July 20, 2017 / 9:54 AM / a year ago

Jet Airways cutting junior pilot pay to trim costs: sources

NEW DELHI (Reuters) - Jet Airways, India’s second-largest airline by market share, plans to slash pay of dozens of its junior pilots by as much as 50 percent in a cost-cutting move, according to two sources and letters seen by Reuters.

FILE PHOTO: Jet Airways aircraft stand on tarmac at the domestic airport terminal in Mumbai, India September 9, 2009. REUTERS/Punit Paranjpe/File Photo

The airline, in letters sent to pilots earlier this month, has proposed they either take 30-50 percent salary and stipend cuts, or quit, saying it was forced to take such steps as it was “intensely focused on fleet and network rationalisation”.

The measures are to be implemented from Aug. 1, and could impact up to 400 of Jet Airways’ roughly 1,500 pilots, the two sources said.

“Certain developments in the market, including that of the Gulf region, as well as our continued efforts to enhance internal efficiencies, has resulted in the review of our network, fleet and crew utilisation,” a Jet spokesman said in an emailed statement.

The spokesman said it has made some interim changes to its crew work patterns which will be reviewed in future, in line with network growth.

The sources asked not to be named due to the sensitivity of the matter.

Jet Airways has struggled to keep a tight lid on costs in one of the world’s fastest-growing aviation markets where competition from low-cost carriers such as InterGlobe Aviation’s IndiGo and SpiceJet is on the rise and is putting it under pressure.

While India’s domestic passenger traffic rose 22 percent in the fiscal year ended March 31, Jet Airways saw only 5 percent growth and its market share fell to 18 percent at the end of June from about 23 percent two years ago, industry data showed. IndiGo controls about 40 percent of the market.

The Indian airline, partly-owned by Etihad Airways of the United Arab Emirates, is also facing headwinds in international markets due to economic weakness in the oil-rich Gulf region that has affected air travel and is hurting its revenues.

In two letters written by the company to pilots and reviewed by Reuters, the airline told the pilots to accept the new lower salary by end of July, or look for other opportunities.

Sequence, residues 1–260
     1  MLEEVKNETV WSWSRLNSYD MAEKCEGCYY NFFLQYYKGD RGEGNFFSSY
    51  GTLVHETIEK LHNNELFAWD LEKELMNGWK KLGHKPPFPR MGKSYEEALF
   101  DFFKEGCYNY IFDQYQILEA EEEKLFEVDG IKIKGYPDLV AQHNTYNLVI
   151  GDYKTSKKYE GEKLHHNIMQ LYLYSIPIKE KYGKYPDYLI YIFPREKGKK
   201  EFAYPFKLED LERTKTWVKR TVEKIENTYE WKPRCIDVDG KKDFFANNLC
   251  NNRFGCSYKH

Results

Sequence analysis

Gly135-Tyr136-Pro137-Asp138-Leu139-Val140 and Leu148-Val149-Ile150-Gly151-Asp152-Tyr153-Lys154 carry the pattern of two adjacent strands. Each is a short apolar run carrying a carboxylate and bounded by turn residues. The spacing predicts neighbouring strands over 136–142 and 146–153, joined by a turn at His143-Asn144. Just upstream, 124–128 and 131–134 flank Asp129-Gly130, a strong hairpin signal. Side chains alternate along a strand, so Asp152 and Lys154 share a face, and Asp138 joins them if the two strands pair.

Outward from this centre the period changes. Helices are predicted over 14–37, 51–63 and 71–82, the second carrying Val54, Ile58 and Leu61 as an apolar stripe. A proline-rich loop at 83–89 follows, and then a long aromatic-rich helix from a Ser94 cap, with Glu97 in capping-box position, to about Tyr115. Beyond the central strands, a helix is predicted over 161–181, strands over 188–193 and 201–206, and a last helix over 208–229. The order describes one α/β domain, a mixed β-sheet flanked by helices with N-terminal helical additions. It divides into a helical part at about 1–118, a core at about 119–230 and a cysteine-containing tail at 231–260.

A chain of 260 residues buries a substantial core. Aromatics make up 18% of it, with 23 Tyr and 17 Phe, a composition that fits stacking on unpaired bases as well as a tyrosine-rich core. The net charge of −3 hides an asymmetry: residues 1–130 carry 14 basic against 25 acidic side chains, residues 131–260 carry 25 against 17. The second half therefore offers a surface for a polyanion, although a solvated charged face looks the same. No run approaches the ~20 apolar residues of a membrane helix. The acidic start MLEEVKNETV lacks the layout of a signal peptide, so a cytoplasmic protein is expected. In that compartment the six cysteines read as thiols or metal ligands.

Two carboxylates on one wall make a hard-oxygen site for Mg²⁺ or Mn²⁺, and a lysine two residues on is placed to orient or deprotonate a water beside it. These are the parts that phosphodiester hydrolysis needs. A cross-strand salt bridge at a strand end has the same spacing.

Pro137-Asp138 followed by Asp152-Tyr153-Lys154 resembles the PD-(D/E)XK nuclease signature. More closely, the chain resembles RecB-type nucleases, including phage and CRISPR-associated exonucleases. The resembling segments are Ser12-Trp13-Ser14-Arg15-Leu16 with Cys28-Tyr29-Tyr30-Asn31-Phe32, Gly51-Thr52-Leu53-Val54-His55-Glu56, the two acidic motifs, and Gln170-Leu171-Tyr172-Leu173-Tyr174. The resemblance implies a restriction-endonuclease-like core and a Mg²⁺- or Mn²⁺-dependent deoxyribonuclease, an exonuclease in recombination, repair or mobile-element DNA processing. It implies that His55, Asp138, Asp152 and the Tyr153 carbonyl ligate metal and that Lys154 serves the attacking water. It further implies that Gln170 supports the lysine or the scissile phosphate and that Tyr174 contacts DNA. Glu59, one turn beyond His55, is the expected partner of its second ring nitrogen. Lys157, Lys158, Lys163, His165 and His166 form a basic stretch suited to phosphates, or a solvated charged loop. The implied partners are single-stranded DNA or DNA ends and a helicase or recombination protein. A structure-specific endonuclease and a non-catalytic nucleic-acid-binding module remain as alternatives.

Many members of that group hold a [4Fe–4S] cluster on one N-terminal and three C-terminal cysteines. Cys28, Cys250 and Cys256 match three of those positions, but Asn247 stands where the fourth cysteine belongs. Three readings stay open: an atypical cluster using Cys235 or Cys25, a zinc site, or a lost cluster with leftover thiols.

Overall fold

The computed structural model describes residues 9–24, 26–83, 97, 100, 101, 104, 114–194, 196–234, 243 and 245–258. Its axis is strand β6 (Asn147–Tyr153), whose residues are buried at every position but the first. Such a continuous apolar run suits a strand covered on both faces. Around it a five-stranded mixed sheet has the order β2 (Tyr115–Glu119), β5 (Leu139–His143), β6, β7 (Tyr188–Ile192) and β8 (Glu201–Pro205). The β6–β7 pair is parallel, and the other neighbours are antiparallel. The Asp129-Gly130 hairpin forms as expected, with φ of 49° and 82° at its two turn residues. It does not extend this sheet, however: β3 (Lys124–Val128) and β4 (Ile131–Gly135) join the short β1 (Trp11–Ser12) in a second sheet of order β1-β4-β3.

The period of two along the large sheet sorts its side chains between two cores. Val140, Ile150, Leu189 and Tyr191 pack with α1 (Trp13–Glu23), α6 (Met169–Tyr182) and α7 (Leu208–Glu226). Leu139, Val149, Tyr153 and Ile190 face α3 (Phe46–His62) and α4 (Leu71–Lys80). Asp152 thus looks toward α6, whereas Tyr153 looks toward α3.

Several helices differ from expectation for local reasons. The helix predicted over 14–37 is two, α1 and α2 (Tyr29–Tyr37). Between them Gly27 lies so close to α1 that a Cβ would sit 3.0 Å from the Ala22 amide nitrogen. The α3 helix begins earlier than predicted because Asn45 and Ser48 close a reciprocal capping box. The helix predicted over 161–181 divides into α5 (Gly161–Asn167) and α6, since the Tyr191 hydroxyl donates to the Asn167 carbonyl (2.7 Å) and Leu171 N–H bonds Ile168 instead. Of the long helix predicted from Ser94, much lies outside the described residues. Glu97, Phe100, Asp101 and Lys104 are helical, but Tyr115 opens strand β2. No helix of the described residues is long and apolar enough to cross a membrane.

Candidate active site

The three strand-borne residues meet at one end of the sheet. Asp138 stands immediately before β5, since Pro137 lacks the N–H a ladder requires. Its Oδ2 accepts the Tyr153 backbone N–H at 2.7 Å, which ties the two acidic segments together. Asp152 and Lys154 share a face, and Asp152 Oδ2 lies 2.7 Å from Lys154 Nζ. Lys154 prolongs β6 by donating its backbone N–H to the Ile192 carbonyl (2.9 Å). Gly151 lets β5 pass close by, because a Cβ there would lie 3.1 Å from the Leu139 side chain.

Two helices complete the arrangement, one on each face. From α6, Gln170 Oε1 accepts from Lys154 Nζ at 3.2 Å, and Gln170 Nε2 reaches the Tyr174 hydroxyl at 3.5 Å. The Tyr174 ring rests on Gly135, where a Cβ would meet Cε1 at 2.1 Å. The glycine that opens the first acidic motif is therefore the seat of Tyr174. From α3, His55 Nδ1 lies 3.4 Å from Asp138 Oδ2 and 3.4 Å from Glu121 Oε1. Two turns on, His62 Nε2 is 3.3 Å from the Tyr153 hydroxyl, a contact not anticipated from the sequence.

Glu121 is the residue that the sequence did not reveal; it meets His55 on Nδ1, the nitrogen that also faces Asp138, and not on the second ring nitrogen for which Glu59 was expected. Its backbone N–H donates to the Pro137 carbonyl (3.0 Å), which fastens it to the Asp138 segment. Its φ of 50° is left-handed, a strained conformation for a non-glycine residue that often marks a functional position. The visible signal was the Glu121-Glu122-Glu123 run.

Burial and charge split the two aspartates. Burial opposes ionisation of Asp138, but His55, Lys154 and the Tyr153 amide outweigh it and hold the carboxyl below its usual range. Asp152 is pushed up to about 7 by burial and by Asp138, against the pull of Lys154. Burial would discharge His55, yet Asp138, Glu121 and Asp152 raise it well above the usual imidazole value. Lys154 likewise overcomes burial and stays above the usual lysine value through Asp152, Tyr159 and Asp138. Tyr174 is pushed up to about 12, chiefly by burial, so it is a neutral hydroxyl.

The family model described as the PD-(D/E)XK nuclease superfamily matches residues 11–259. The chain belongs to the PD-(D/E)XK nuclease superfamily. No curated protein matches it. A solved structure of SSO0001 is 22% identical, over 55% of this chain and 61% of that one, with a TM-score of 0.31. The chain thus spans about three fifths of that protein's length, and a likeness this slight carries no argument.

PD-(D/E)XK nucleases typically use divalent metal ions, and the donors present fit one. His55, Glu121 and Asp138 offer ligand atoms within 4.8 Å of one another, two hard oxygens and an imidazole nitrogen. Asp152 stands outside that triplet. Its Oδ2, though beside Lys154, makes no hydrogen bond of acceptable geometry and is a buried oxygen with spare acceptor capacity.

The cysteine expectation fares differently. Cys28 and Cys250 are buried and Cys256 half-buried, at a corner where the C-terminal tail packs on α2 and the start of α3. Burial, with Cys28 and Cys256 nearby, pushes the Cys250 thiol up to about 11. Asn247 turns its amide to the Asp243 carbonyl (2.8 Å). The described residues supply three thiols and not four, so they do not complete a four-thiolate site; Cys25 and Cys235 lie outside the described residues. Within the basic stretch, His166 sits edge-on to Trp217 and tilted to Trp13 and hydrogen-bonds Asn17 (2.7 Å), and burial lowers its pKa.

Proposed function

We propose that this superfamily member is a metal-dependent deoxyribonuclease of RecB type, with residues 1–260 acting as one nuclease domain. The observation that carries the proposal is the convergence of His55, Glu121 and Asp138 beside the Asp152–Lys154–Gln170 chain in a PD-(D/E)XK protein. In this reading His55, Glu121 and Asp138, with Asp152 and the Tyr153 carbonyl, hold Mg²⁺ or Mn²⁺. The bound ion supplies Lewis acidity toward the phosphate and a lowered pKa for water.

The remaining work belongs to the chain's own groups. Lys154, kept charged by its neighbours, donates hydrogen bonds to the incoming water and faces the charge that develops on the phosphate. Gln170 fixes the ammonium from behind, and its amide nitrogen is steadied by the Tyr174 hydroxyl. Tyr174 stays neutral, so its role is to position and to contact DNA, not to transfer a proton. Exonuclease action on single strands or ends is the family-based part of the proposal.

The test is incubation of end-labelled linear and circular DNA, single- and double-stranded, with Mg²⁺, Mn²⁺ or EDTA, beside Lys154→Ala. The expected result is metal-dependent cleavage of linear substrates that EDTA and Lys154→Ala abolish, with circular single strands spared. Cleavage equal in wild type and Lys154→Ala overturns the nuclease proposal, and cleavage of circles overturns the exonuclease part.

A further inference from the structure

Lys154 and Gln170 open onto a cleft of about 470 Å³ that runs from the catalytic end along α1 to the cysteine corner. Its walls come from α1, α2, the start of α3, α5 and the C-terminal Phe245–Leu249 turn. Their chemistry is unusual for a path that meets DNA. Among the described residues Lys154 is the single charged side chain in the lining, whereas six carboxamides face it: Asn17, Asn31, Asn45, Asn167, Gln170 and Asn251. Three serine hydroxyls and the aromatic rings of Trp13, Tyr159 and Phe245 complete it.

“We have had to revisit our manpower requirements,” said the letters sent out by the airline. “Your support and understanding in the matter will play a major contribution in preserving the health of the company, and our position in the industry.”

FILE PHOTO: A Jet Airways passenger aircraft takes off from the airport in Ahmedabad, India, August 12, 2013. REUTERS/Amit Dave/File Photo

In a letter sent to a first officer, Jet asked the pilot to take 10 days off each month “with the appropriate remuneration”, resulting in a 30 percent cut as an interim measure to help the company balance its cost structure.

“In case you do not wish to accept the above terms, and desire to seek alternate opportunities, within the industry or outside ... we shall assist you by facilitating the necessary formalities,” the letter said.

The letters were primarily sent to junior pilots operating its 737 narrow-body planes and who have joined the airline in the last 12-18 months, according to one of the sources.

“We will ask (the company) on what basis they have taken this decision ... eventually we are answerable to the pilots,” said D Balaraman, president of the National Aviator’s Guild, a union representing Jet Airways pilots.


The cost cutting move comes amid local media reports that Jet is looking to sub-lease its fleet of 18 ATR aircraft to new regional carrier TruJet to raise funds. [bit.ly/2vEKgH2]

Jet did not comment on the reports to sub-lease the planes. It also did not elaborate on how much it would save from the planned pilot pay reduction measures.

Kapil Kaul, the South Asia head of aviation research firm CAPA, said exiting ATR operations, reducing fleet complexity and rationalising its pilot headcount would save Jet large sums.

Jet’s cost per available seat kilometre or CASK in fiscal 2017, excluding fuel, was much higher than that of its rivals at 3.1 rupees versus 1.9 rupees and 2.4 rupees for Indigo and SpiceJet, respectively, according to a report by Mumbai-based brokerage IDFC Securities.

Slideshow (2 Images)

With Indigo and SpiceJet expanding their fleet rapidly, IDFC sees passenger traffic for the two airlines growing at a compounded annual rate of over 20 percent over the next three years, versus just 6 percent growth for Jet.

Jet, which has a fleet of about 113 aircraft, plans to add six to eight more aircraft this fiscal year, primarily 737 planes manufactured by Boeing Co.

Additional reporting by Zeba Siddiqui and Euan Rocha in Mumbai; Editing by Muralikumar Anantharaman and David Evans

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